I picked public health because I plan on going to school for nursing. I think taking this class and learning about medical anthropology has given me a view of medicine and disease I would have otherwise been oblivious to. Since nurses seem to play a pretty big role in public health, I think understanding this area from an anthropological perspective can help nurses and doctors answer various questions that may not have been answered from a biomedical perspective.
An article by Dave Campbell sheds light on the contributions anthropology can make to the public health arena. Campbell says, “Public health’s primary concern is to improve the health of a population”. Anthropologists are able to study certain populations and their culture in order to provide a more integrated perspective in a clinical setting. Anthropologists can also use a more holistic approach in order to see the “whole picture”. This perspective can help to identify all factors (from the root up) that may contribute to a certain problem. For example, if a certain demographic in Detroit is more commonly infected with a certain type of disease, a medical anthropologist can look into several factors contributing to that problem. This can give health providers the knowledge of where that disease is spreading from, why that certain demographic is more susceptible, what kind of health care is being provided, whether that demographic is educated in how to help treat and prevent that particular disease, various cultural issues associated with that disease, etc. Most doctors and nurses are grounded in the philosophies of Western medicine, so they generally look to the sciences and biomedicine for answers. However, when questions and problems are not able to be resolved when looking at them from a biomedical perspective, medical anthropologists can provide an interpretation unbiased by the philosophies of Western medicine.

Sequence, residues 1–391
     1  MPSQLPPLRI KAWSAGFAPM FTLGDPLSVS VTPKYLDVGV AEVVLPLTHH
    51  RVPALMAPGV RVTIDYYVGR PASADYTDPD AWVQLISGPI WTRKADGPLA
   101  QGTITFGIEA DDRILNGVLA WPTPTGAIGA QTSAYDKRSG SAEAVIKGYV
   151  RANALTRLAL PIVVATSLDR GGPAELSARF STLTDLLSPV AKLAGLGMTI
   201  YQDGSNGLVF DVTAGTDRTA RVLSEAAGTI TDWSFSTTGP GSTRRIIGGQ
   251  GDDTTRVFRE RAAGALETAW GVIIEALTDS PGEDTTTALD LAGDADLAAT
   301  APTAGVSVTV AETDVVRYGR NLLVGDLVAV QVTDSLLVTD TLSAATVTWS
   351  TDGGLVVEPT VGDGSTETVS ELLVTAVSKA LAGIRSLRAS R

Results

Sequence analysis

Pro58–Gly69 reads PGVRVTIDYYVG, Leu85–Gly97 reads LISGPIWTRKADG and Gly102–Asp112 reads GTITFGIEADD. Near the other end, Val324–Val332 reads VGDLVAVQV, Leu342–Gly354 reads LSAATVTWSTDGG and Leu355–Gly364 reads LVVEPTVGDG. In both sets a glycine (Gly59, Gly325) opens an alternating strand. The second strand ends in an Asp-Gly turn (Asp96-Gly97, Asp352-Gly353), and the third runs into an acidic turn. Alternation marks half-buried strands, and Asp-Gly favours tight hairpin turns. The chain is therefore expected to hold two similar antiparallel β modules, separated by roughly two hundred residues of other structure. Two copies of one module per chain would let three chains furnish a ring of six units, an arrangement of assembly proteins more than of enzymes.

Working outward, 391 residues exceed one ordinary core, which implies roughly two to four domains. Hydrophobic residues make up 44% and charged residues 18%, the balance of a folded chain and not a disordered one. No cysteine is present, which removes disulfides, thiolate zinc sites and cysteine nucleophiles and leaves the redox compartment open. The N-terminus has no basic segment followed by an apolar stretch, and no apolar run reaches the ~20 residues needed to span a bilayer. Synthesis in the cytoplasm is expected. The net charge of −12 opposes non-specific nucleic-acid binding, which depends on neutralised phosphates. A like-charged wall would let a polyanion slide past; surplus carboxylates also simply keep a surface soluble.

Campbell, Dave. 2011. “Anthropology’s Contribution to Public Health Policy Development.” McGill Journal of Medicine 13(1):76. Accessed August 9, 2013. http://www.ncbi.nlm.nih.gov/pmc/articles/PMC3277334/